Salon's 20 Years With Oscar

Two decades' worth of Salon writing on the Academy Awards as part of our #SalonAt20 celebration

By Salon Staff
February 25, 2016 3:00AM (UTC)
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Salon’s Oscar coverage launched twenty years ago when television critic Joyce Millman put forth a plan to makeover the 68th Academy Awards ceremony. Since then, Salon’s fearless analysis and critique of this seminal show has informed the national discussion and made it smarter. The below collection—two decades’ worth of Salon Oscar writing—reflects changing concerns, attitudes, technologies, and storytelling platforms.

1996 Joyce Millman suggested an “Oscars Makeover.”


1997 Bob Blumer’s blog, The Surreal Gourmet, cooked up “Oscar’s Big Night: Walnut Pasta di Momento,” Ann Hodgman pondered why people in the movies never “have to go” in “Show Me The Bathroom,” and Jenny Yabroff spoke with Billy Bob Thornton on the snobbery of the independent film ghetto, the prodigious talents of Chris Farley, and the Big Question of what to wear on Oscar night in “Billy Bob Goes Hollywood.” As Camille Paglia cried, people wanted "more cleavage and glitz! Less Crystal!" in "The Big Night," while Cintra Wilson covered the dowdy, the disabled, and the Devil in "The 69th Oscars."

1998 Camille Paglia gave an eye-view in “Camille Does the Oscars.”

1999 Camille Paglia discussed “And the Frumps Are,” while Cintra Wilson weighed in on the “most obscenely grandiose self-congratulation orgy in the culturally moribund entertainment world” in “Not Abhorrent!


2000 Amy Reiter dissected how attending the Academy Awards has strange effects on attendees in “Look Out! Here Comes A Sound Byte!” and Cary Tennis opined on the “Grand Delusion.”

2001 David Thomson lamented the “Oscars Folly” and Bill Wyman countered that “Oscar Plays Nice,” while Amy Reiter delved into “Oscarspeak 2001.”

2002 Oscars 2002: Someone Make it Stop!” exclaimed Cintra Wilson.


2003 For the 75th Academy Awards, Cintra Wilson chronicled how “Hollywood Dons its Warpaint.”

2004 Cintra Wilson’s examination of “Oscar Bombs” found that all the crooked teeth in New Zealand couldn’t save a dull Oscar night.

2005 The Salon Staff provided Monday Morning Quarterback analysis in “The Fix.”


2006 Salon experimented with its first Oscar podcast for the 78th Academy Awards, “Salon Podcast: Camille and Cintra Ravage Oscar,” (sadly the file is missing).

2007 In “Regarding Oscar” Salon writers and friends, including Mo Rocca and Choire Sicha, dissected the ceremony.

2008 Were these the ‘Stagflation Oscars’—replete with lame jokes—asked Andrew O’Hehir in “Oscars Night of Stagflation.”


2009 Andrew O’Hehir detailed the evening’s Hamlet-like self-torment in “Oscars Angst: Its Fun, for Now!

2010 Oscars: Hollywood’s War Against Itself (continued)” proclaimed Andrew O’Hehir in contemplation of artistic integrity or commercial suicide, Kate Harding advocated “In Defense of Mo’Nique’s Oscar Speech,” Mary Elizabeth Williams declared “Kathryn Bigelow Is Not A Dude,”  and Heather Havrilesky asked “Best Oscar Night Ever?” while Kerry Lauerman etched out “The Story Behind Oscar’s ‘Kanye Moment.’” More coverage of the 2010 Oscars here and here.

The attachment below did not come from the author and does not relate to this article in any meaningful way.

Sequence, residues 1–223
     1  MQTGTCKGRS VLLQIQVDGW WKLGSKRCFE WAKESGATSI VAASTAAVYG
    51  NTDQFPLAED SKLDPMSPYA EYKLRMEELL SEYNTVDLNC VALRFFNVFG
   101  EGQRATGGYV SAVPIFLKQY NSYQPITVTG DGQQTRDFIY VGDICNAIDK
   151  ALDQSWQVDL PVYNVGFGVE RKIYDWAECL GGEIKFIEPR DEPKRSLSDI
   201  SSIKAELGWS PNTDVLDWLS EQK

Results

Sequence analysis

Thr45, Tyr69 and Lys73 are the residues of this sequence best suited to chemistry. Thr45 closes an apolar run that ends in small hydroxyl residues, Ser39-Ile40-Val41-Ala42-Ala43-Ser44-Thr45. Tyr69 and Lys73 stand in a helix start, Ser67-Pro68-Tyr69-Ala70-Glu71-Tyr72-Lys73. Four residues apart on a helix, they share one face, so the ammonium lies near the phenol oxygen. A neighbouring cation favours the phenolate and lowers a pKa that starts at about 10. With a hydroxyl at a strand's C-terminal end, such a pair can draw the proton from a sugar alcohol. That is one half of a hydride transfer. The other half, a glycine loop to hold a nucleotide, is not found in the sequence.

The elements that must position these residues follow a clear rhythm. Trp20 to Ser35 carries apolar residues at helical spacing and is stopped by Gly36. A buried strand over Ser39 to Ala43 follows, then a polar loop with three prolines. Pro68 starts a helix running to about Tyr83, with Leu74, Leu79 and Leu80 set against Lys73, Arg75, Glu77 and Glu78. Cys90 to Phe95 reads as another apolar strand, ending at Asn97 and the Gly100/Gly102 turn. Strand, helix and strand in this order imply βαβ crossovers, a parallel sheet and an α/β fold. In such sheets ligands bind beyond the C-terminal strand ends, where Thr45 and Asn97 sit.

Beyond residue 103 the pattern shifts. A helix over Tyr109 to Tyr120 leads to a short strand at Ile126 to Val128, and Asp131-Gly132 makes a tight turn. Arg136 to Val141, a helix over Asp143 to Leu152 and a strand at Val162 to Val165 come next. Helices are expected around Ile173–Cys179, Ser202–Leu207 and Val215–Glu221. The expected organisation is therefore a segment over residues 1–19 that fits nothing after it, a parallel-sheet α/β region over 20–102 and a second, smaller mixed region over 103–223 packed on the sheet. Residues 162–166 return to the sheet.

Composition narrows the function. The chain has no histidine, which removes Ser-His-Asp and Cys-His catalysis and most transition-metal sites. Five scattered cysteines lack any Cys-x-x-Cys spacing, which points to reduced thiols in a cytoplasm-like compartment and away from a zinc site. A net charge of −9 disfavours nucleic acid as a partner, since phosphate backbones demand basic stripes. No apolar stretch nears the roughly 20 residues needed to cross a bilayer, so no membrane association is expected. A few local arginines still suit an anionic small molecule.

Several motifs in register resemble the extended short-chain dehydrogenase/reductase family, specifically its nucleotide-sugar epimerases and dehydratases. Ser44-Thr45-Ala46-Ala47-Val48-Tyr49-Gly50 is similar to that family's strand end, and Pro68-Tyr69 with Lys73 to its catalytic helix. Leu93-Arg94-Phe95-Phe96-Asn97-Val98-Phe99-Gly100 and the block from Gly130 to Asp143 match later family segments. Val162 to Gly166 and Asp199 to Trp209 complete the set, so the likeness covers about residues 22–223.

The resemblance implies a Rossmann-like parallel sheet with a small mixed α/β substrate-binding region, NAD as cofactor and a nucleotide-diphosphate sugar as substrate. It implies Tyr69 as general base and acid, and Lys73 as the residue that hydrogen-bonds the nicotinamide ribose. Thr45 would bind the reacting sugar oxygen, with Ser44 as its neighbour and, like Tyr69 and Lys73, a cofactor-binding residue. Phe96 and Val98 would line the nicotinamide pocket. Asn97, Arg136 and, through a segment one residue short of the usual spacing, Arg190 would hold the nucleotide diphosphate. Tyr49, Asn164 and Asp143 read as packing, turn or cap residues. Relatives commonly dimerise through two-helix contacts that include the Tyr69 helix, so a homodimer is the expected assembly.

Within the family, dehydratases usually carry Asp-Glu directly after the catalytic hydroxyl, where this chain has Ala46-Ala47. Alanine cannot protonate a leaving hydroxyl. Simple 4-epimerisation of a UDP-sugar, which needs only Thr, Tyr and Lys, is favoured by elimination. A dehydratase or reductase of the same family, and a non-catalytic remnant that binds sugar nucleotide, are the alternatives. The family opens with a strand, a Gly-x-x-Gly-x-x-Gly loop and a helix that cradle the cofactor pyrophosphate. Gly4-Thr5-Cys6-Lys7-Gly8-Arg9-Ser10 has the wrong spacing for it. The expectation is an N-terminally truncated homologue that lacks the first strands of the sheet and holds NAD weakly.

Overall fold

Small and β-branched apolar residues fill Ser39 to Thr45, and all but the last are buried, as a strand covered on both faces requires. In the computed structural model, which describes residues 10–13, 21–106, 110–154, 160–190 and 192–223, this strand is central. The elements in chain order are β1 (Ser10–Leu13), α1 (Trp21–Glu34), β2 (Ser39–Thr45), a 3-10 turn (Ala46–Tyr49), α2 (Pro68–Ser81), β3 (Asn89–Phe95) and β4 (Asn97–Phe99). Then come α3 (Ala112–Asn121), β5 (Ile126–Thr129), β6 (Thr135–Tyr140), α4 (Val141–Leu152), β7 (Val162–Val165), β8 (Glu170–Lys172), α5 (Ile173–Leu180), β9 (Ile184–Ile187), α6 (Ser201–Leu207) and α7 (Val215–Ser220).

2011 For the 83rd Academy Awards, Andrew O’Hehir served up “Your Oscar Night Primer” and Matt Zoller Seitz weighed in on “James Franco’s Oscars of Apathy,” while Salon’s staff live blogged and served on fashion patrol in “Reviewing Tonight’s Red Carpet Outfits.” For more 2011 Oscar-related coverage, see our archived stories here.


2012 Salon Staff participated in a “Liveblog: Oscar’s Silent Night,” while Mary Elizabeth Williams tried “Digging Deep for the Oscars’ Most Memorable Moments” and Andrew O’Hehir muddled through “Oscars 2012: The Movies’ Most Painful Night.”

Pre-Oscar coverage included Michael Barthel on “The Oscars’ Woman Problem,” Mark Anthony Neal’s plea to “Stop Policing Black Actresses,” Andrew O’Hehir on “The Remarkable Reinvention of Brad Pitt,” Elizabeth Currid-Halkett’s “The Secret Science of Stardom,” Bill Wyman on “The Oscars’ Growing Sequel Problem,” Brian Raftery’s take on “The Oscars Hated Savior” and more.

2013 A full list of Salon’s 85th Academy Awards-related coverage may be found here, including Andrew O’Hehir (“Sometimes Oscar Gets it Right!”), Katie McDonough (“The Brief, Wondrous Life of an Oscar Gown”), Kera Bolonik (“Jennifer Lawrence’s Fall to Grace”), and Benjamin Wheelock’s slideshow of “The Oscar Posters That Should Have Been.”

2014 Andrew O’Hehir sketched out “Best Moments Of the Oscar Frontrunners: Facing the Challenge of 12 Years a Slave” as well as “Best Moments of the Oscar Frontrunners: The Dazzling Breakthrough of Gravity,” Anne Thompson analyzed “How ‘Breaking Bad’ and ‘House of Cards’ Killed the Oscars,” Sarah Gray commented on “The Often Overlooked Oscar Winners: Innovators Behind the Scenes,” Daniel D’Addario wrote “In Praise of the Mani Cam,” and Neil Drumming weighed in on “Matthew McConaughy’s Double Triumph." For more Salon coverage of the 2014 Oscars click here.


2015 Salon’s 2015 Oscar coverage included Mary Elizabeth Williams on how “Red Carpet Coverage Doesn’t Have to be Sexist,” Alex Trimble Young on “‘American Sniper’ Is Not a War Movie,” Anna Silman on “Neil Patrick Harris Plays it Safe With His Oscars Opening Number,” Grisel Y. Acosta’s take on “’Racism Begins In Our Imagination: How the Overwhelming Whiteness of Boyhood Feeds Dangerous Hollywood Myths,” Andrew O’Hehir on “’Birdman’ vs ‘Boyhood': The Oscars Race to Save Hollywood’s Soul” and more.

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